Thursday, May 12, 2011
Last week on a whim I traveled to the antiques Mecca, of the world Brimfield, Massachusets. A long time friend of mine was making the trip and asked if I would like to go. After securing the proper permissions (wife, family, dogs) I said yes. In years past the trip to Brimfield, was a regular commitment for me. Three times a year I would pack up my Toyota pick up truck and make the 9 hour trip to sell antiques. That was over 25 years ago. It was when the speed limit was 55, I was 27 years old and antiques were both plentiful and sought after. So I was really curious to see how it had all changed.
First, It was much better organized. Back in the 80's rumors of discontent between the competing markets ran rampant. Gordon Reid was the original, everyone else also rans. It seemed at the time that none of them liked each other, today it is quite a bit different. It seems that they all figured out that they could make more money by cooperating than by fighting. Organization seemed to prevail. Everything from food to the openings of the various markets seemed to run flawlessly. This was quite a change from the past. The best of all changes was in the sanitary end. Plenty of porta johns. No, I'm not obsessed with them, in 1980 they were typically overflowing and not very clean. This time the exact opposite.
Next, the crowds. The crowds overall seemed to be about the same size, but they lacked the excitement. I can clearly remember the rush of buyers that would be at every shows opening. It would be crazy, people unloading your vehicle for you, fighting over the best antiques and not even asking for a discount because they were afraid that the person next to them would take the item. This time the buyers seemed to meander. There was very little enthusiasm and definitely no imperative buying. The truth is the buyers took their time and thought out their purchases. No fighting, no help unpacking no rush. It was busy, but no rush.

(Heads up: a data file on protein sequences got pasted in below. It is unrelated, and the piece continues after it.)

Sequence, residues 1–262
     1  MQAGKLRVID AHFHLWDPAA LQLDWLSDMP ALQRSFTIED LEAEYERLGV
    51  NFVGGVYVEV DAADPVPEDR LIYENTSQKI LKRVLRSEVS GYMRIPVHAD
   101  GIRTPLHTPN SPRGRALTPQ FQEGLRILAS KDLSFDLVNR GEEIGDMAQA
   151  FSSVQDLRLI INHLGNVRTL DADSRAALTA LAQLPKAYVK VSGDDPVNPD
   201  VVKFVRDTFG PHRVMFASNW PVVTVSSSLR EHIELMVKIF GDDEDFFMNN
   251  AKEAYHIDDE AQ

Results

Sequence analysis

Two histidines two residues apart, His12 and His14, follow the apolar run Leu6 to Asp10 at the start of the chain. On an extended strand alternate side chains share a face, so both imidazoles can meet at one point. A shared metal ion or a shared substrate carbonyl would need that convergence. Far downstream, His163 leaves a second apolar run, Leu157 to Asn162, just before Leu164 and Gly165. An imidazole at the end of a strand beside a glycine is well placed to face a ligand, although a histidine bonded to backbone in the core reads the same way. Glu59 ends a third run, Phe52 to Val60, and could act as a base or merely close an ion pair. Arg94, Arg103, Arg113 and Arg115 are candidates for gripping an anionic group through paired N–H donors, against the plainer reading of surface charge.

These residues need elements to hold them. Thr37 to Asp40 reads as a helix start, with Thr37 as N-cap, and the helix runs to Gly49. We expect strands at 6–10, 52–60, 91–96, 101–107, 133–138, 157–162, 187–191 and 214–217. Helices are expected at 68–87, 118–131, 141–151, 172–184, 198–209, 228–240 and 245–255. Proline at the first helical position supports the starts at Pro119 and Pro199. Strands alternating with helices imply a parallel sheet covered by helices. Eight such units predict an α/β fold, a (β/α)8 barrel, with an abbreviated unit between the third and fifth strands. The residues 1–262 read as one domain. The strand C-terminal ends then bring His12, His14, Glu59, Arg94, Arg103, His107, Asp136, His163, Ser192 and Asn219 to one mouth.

So what has happened? Is it because of the Internet? Is it moneys tight or are they just being more careful? I really don't know. I see more enthusiasm from the buyers at the local flea market. These people get excited about dollar items, Brimfield practically no excitement at all. Remember what I am comparing it to, 25 years ago people were in an antiques frenzy, today however it seems that the reproductions ruled.
And what about those reproductions. Twenty five years ago a dealer would be asked to put away any items that did not qualify as an antique, or a a minimum a very old collectible. In some cases the dealer was asked to leave if they had too many non antique items. Things have changed. I estimated that over 50% of what was being offered for sale did not come even close to being antique. Huge tents full of reproductions were present in all of the markets (to be fair several of the larger markets had not had their openings yet). I personally think that this is the main reason for the lack of enthusiasm. The buyers did not feel any of the anxiety that they had felt in years past because they felt that another item was already on the cargo ship from China. They didn't have to worry about getting one because a thousand others were at the ready.
In summary I had a great time. Despite the changes it is still something that every antiquer should see. Just like Mecca, This is a pilgrimage that you should try to make at least once in your lifetime.
Wednesday, May 4, 2011
How bout dat! Auction food, its either the best, or worst, absolutely no in between. As an auctioneer my main goal is to get it for free. Unfortunately it does not always work out so well. So today we are talking about George.
Several years back I ran my own auction house. We tried to keep it simple, stuff for sale, easy parking, nice location and simple foods. My auction house actually had none of these. The stuff for sale was usually junk, the parking needed a security guard (we will tell the story about him in a later article), outside of the man being chased by the police while carrying a fully automatic AK47 the location was OK (another story for later) and the food.